Solar Energy Resources
Deserts are increasingly seen as sources for solar energy, partly due to lower cloud cover.
Many successful solar power plants have been built in the Mojave Desert. These plants have a combined capacity of 354 megawatts (MW) making them the largest solar power installation in the world. Large swaths of the desert are covered in mirrors (used for solar energy), including nine fields of solar collectors. The Mojave Solar Park is currently under construction and will produce 280MW when completed.
The potential of generating solar energy from the Sahara desert is immense. Professor David Faiman of Ben-Gurion University has stated that the technology now exists to supply all of the world's electricity needs with 10% of the Sahara desert. Desertec Industrial Initiative is a consortium seeking $560 billion investment in North African solar and wind installations over the next 40 years to supply electricity to Europe via cable lines running under the Mediterranean Sea. European interest in the Sahara desert stems from its two aspects: amount of sunshine and empty space. The Sahara receives more sunshine per are than the sunniest of regions in Europe. The Sahara desert also has the empty space required to house fields of mirrors for solar plants, totalling hundreds of square miles.
The Negev Desert, Israel, and the surrounding area, including the Arava Valley, receive plenty of sunshine and are generally not arable. This has resulted in the construction of many solar plants. David Faiman has proposed that "giant" solar plants in the Negev could supply all of Israel's electricity.
Read more about this topic: Desert
Other articles related to "energy":
... The U term can be interpreted as the energy required to create the system, and the pV term as the energy that would be required to "make room" for the system if the pressure of the environment remained constant ... to its present state from absolute zero, energy must be supplied equal to its internal energy U plus pV, where pV is the work done in pushing against the ambient (atmospheric) pressure ... of the system and therefore the internal energy is used ...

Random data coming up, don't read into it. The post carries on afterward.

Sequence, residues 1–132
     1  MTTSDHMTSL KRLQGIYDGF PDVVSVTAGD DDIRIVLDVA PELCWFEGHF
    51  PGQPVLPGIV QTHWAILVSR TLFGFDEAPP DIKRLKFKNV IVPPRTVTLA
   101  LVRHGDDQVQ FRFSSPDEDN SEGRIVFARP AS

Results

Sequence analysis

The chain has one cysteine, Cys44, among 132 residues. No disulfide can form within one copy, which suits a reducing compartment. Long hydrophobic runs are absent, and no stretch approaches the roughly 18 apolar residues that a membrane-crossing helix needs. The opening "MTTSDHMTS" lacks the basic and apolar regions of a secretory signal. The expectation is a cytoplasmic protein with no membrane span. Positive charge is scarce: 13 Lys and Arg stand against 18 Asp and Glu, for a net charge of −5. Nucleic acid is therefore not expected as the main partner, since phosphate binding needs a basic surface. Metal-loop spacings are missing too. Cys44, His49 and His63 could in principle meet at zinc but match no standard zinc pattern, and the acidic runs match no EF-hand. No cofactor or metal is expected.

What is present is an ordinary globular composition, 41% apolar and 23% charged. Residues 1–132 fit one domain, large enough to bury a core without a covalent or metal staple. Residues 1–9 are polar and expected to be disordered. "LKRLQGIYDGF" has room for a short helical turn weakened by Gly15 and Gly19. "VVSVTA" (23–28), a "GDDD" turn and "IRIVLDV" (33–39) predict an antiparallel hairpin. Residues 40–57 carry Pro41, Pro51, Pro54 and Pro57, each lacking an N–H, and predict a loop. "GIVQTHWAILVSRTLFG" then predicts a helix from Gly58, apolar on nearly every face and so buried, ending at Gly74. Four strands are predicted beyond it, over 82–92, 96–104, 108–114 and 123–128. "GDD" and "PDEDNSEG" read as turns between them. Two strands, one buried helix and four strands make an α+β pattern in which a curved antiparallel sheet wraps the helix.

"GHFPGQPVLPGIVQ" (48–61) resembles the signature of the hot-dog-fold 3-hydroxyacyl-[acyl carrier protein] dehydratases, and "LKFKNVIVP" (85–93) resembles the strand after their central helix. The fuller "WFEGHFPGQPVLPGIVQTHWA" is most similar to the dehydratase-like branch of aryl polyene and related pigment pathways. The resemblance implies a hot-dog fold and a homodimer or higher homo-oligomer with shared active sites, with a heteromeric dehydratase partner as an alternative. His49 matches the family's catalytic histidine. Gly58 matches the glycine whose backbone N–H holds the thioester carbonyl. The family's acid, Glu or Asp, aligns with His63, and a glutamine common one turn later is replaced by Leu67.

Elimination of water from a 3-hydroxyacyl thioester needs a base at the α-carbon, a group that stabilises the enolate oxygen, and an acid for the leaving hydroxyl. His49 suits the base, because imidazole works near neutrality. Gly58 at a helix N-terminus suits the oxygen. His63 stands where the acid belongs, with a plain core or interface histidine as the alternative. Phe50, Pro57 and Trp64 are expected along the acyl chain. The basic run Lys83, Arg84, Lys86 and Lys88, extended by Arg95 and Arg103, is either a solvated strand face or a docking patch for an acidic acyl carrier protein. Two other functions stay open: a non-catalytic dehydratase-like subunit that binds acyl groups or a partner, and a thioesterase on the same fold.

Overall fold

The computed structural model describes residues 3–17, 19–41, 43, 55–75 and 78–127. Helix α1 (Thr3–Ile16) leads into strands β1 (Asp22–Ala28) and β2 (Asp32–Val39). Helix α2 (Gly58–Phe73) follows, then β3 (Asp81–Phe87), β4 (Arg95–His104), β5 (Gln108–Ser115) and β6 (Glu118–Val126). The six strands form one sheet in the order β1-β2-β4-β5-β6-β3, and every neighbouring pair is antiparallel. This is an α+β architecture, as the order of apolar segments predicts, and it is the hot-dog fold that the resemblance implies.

... Obesity is most commonly caused by a combination of excessive food energy intake, lack of physical activity, and genetic susceptibility, although a few cases are caused primarily by genes ... weight due to a slow metabolism is limited on average obese people have a greater energy expenditure than their thin counterparts due to the energy required to ... be improved by reducing the consumption of energy-dense foods such as those high in fat and sugars, and by increasing the intake of dietary fiber ...
... One form of energy can often be readily transformed into another with the help of a device- for instance, a battery, from chemical energy to electric energy a dam gravitational potential ... of a chemical explosion, chemical potential energy is transformed to kinetic energy and thermal energy in a very short time ... At its highest points the kinetic energy is zero and the gravitational potential energy is at maximum ...
Famous quotes containing the words resources, solar and/or energy:
“But, with whatever exception, it is still true that tradition characterizes the preaching of this country; that it comes out of the memory, and not out of the soul; that it aims at what is usual, and not at what is necessary and eternal; that thus historical Christianity destroys the power of preaching, by withdrawing it from the exploration of the moral nature of man; where the sublime is, where are the resources of astonishment and power.”
—Ralph Waldo Emerson (18031882)
“Senta: These boats, sir, what are they for?
Hamar: They are solar boats for Pharaoh to use after his death. Theyre the means by which Pharaoh will journey across the skies with the sun, with the god Horus. Each day they will sail from east to west, and each night Pharaoh will return to the east by the river which runs underneath the earth.”
—William Faulkner (18971962)
“The very presence of guilt, let alone its tenacity, implies imbalance: Something, we suspect, is getting more of our energy than warrants, at the expense of something else, we suspect, that deserves more of our energy than were giving.”
—Melinda M. Marshall (20th century)